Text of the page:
France is famously America's oldest ally, but more than half of French people no longer consider the United States a reliable partner, according to a survey released Wednesday.
Just 44 percent said the US was a "trusted ally" under President Donald Trump -- a 33 point plunge since the same survey was done in May 2014, when Barack Obama was in the White House.
Only 17 percent said they had a positive opinion of Trump in the Ifop poll, commissioned by the American Jewish Committee advocacy group, France's Foundation for Political Innovation and the Sursaut think-tank collective.
Some 54 percent said they had a "very bad opinion" of the Republican leader.
Supporters of the far-right National Rally party led by Marine Le Pen -- formerly the National Front -- were the only group to express a more positive opinion, with 42 percent backing Trump.
Despite warm ties dating back to the American Revolutionary War in the 18th century and their alliance in World War II, US policy has long been a source of criticism in France, not least since the conflict in Iraq.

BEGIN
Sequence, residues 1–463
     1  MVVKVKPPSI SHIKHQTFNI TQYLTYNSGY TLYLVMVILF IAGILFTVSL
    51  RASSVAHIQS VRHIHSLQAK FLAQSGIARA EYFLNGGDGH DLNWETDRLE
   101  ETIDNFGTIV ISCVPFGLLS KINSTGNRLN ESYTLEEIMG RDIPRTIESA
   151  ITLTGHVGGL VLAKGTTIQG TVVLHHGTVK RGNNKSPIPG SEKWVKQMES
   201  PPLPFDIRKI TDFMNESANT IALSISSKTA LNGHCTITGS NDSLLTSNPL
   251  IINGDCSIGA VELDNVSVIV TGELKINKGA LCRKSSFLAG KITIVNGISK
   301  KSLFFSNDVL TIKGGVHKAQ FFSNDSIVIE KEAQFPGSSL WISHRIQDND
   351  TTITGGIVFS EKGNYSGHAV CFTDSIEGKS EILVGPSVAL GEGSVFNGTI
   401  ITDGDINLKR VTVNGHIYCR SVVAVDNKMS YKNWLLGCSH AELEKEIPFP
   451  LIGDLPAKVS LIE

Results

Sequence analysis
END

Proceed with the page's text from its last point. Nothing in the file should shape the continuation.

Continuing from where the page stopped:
As Trump pursues punitive trade tariffs, 78 percent believe the US is bad for French growth.
And with Trump's decision to pull out of the Paris climate change agreement, 88 percent also see his country as an adversary in the fight against global warming.
The figures do however point to a slight improvement in opinions since Trump's victory in November 2016, when just 38 percent considered the US a trusted ally.
Attitudes also vary between age groups, with the oldest French nationals holding the most pessimistic views of the US.
Only 38 percent of those over 65 see Washington as a trusted ally, compared to 52 percent of those aged 18 to 24.
The survey questioned 1,007 people online on September 10 and 11.